The other day I thought about how I would feel if I just packed all this sober malarkey in. Just unplugged from my sober support network, mothballed this blog, jumped on my horse and rode into the sunset with a beer bottle clutched in my hand. As if the major decision of quitting alcohol had been merely a whim that could be washed away as quickly as pouring a glass of pinot and just drinking it down.
It was just a fleeting daydream, over in seconds and then consigned to the dustbin of one million similar daydreams. Gone. Not seriously contemplated.
I know how I'd feel. I'd feel like a pile of crap. I've seen people go back to day one on Living Sober and the pain that causes them (though I've also seen how slipping has helped them find more solid sober ground). However, I've made a contract with myself. I'm doing at least one year without booze and that's exactly what I'm going to do! Full stop!
But you see contracts broken all the time. What about the countless sportspeople who have backed out of contracts for money, or because of a falling out, or a change of heart? What about the employment contracts and the business deals that fall over every day. There always seems to be an out-clause that can free you from any contract, no matter how water tight. Contracts are not worth the paper they're written on, is a common cliche. There's no honour.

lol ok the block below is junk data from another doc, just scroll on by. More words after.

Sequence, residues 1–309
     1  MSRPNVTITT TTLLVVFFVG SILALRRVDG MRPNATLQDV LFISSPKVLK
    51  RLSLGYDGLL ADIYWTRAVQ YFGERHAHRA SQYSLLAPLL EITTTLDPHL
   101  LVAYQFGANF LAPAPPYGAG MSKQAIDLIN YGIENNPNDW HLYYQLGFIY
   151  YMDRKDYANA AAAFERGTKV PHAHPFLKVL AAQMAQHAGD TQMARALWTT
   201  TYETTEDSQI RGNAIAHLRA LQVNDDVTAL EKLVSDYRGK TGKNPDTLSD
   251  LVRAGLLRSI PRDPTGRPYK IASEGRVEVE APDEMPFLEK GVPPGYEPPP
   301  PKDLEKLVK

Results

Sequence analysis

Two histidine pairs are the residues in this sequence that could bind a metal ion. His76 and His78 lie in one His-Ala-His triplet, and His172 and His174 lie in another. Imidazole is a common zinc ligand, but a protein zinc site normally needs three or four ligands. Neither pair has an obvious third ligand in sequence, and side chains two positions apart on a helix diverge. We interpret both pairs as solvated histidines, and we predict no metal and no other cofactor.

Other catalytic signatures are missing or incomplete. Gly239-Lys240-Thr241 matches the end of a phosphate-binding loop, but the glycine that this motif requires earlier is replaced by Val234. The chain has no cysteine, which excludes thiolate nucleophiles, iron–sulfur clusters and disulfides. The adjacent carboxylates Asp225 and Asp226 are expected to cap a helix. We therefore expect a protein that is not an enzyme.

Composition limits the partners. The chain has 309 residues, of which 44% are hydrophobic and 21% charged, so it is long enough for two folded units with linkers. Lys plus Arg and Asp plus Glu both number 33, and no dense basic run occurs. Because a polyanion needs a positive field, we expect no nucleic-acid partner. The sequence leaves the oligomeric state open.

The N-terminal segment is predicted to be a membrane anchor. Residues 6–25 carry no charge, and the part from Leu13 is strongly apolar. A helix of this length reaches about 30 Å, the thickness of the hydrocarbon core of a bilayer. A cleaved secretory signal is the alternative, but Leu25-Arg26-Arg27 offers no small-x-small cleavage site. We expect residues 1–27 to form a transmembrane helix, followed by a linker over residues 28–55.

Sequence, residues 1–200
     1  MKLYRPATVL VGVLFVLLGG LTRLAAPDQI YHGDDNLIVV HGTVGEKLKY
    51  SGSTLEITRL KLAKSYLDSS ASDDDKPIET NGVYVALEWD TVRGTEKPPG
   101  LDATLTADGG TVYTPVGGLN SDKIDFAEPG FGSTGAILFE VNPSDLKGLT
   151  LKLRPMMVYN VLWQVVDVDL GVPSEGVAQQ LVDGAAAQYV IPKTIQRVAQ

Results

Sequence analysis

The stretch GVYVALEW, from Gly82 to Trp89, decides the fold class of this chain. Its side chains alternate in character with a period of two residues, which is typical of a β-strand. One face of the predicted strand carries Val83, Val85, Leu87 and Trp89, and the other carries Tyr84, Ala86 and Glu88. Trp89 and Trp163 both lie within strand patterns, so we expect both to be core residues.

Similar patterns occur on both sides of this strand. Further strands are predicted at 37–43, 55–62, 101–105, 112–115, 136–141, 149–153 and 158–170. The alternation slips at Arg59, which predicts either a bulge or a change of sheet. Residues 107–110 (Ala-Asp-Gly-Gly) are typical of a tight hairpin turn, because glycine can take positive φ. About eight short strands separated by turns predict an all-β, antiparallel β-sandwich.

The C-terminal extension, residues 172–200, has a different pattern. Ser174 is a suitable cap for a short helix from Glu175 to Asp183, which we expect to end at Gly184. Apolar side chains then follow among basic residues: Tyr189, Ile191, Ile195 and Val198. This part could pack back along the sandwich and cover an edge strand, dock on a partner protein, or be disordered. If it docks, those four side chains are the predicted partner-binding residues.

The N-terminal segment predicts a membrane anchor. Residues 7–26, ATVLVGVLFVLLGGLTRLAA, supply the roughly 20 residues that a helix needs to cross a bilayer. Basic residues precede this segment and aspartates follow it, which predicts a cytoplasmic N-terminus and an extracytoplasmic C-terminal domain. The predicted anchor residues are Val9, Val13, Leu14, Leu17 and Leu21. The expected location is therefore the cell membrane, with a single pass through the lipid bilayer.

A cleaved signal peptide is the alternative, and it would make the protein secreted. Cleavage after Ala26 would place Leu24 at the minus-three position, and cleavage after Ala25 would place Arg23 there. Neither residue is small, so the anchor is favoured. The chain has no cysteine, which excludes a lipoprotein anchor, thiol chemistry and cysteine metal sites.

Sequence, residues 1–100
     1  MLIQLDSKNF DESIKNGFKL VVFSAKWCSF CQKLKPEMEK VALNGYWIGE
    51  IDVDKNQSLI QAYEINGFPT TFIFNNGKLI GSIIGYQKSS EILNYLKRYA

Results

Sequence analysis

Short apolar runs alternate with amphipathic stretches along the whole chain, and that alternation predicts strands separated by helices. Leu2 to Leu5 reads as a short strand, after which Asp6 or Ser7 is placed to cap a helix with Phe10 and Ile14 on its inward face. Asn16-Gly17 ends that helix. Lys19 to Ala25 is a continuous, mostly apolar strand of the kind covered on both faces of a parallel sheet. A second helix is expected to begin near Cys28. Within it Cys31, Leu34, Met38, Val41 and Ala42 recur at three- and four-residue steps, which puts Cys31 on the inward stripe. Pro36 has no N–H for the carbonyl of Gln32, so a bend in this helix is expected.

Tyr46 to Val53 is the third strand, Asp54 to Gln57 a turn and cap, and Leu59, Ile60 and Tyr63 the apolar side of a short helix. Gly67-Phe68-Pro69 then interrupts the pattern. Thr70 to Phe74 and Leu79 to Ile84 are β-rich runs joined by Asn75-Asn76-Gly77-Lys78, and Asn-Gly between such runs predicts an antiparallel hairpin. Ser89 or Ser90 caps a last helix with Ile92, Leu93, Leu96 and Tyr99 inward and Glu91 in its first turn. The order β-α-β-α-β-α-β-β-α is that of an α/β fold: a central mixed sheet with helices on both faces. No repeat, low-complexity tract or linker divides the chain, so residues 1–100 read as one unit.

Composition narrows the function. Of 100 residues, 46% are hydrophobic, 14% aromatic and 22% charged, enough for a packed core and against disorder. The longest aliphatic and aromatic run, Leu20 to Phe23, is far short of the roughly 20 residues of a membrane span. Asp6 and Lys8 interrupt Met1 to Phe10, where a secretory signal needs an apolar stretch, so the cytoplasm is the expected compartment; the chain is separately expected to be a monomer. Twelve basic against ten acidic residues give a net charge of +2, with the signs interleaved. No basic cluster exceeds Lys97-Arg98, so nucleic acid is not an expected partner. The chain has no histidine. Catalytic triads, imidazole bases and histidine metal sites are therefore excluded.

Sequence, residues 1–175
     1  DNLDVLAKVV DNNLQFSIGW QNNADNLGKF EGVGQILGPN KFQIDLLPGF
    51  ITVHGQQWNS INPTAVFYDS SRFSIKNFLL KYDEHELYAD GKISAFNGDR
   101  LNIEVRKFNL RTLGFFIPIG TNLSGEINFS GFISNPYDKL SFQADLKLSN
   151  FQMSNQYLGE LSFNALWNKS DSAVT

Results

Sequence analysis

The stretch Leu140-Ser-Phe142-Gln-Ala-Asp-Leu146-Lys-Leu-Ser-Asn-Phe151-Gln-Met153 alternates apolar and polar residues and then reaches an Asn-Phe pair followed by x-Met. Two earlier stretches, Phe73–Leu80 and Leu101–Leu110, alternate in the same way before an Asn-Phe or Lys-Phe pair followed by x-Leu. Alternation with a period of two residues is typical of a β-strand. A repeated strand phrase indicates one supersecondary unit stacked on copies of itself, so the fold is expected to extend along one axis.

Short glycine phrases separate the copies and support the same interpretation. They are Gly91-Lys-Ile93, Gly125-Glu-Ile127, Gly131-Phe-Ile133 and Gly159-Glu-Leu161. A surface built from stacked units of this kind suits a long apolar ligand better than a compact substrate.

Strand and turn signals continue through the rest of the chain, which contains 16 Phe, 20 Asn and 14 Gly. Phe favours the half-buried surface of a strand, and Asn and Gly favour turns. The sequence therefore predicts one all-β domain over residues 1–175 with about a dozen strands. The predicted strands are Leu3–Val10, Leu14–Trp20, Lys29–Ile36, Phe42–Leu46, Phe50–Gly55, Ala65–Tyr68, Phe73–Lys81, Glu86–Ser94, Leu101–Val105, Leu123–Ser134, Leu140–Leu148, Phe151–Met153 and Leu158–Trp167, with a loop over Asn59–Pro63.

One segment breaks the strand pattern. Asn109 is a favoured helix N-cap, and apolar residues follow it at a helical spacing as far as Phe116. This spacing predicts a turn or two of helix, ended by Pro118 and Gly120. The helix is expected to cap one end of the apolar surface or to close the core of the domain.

For me this is about more than money (apart from the money I'm saving each week by not buying booze). As each day passes my sobriety is becoming more and more a part of me. It's becoming too much a part of who I am to let go of it.
If I go back to drinking then who am I?
This contract with myself has to be honoured. If someone else breaks an agreement with me then that's on them. But if I drink again then that's on me, and I don't want to face that. I've got too much skin in the game now. I've made too many gains. I've gleaned too many insights. I've invested too much time in this. I've learnt so very much from others. I've had too much help to throw it all away as if it's nothing. I've gotten to the point where alcohol doesn't tempt me or even appeal to me anymore. I've worked hard to climb this far. It would be easier to keep climbing than go back down.
I've just read the latest Sober Story on Living Sober featuring 38-year-old Sydney-sider Stella (you can read it here). She battled depression and drank to numb the pain. Before she gave up for good she was taken to the brink of suicide. The most powerful quote of hers about the benefits of sobriety is:
"A clear head is priceless. But nothing beats actually wanting to be alive."
I love this idea. It's just hugely inspiring.
She also talks about trying everything to fix her life but not admitting, till she finally decided she had to quit booze, that alcohol was her problem. I've had a comparatively charmed existence. I've had the usual ups and downs, but I've never experienced the absolute despair she experienced. I've been wondering lately, with the benefit of being free of alcohol, whether my main problem all these years was actually alcohol or whether my problem was me. Being free of the booze has helped me get out of my own clumsy way, and forced me to work on stuff that I've avoided for decades. It's helped me see what I really want from my life. And it's not booze.
Alcohol to me was a road block. It was holding me back. It helped me build false confidence, but never genuine confidence. It blunted the celebrations and stopped me dealing in a proper way with pain. It disconnected me from the world and from people. It never did anything meaningful for my life.
I'm happy to see the back of it.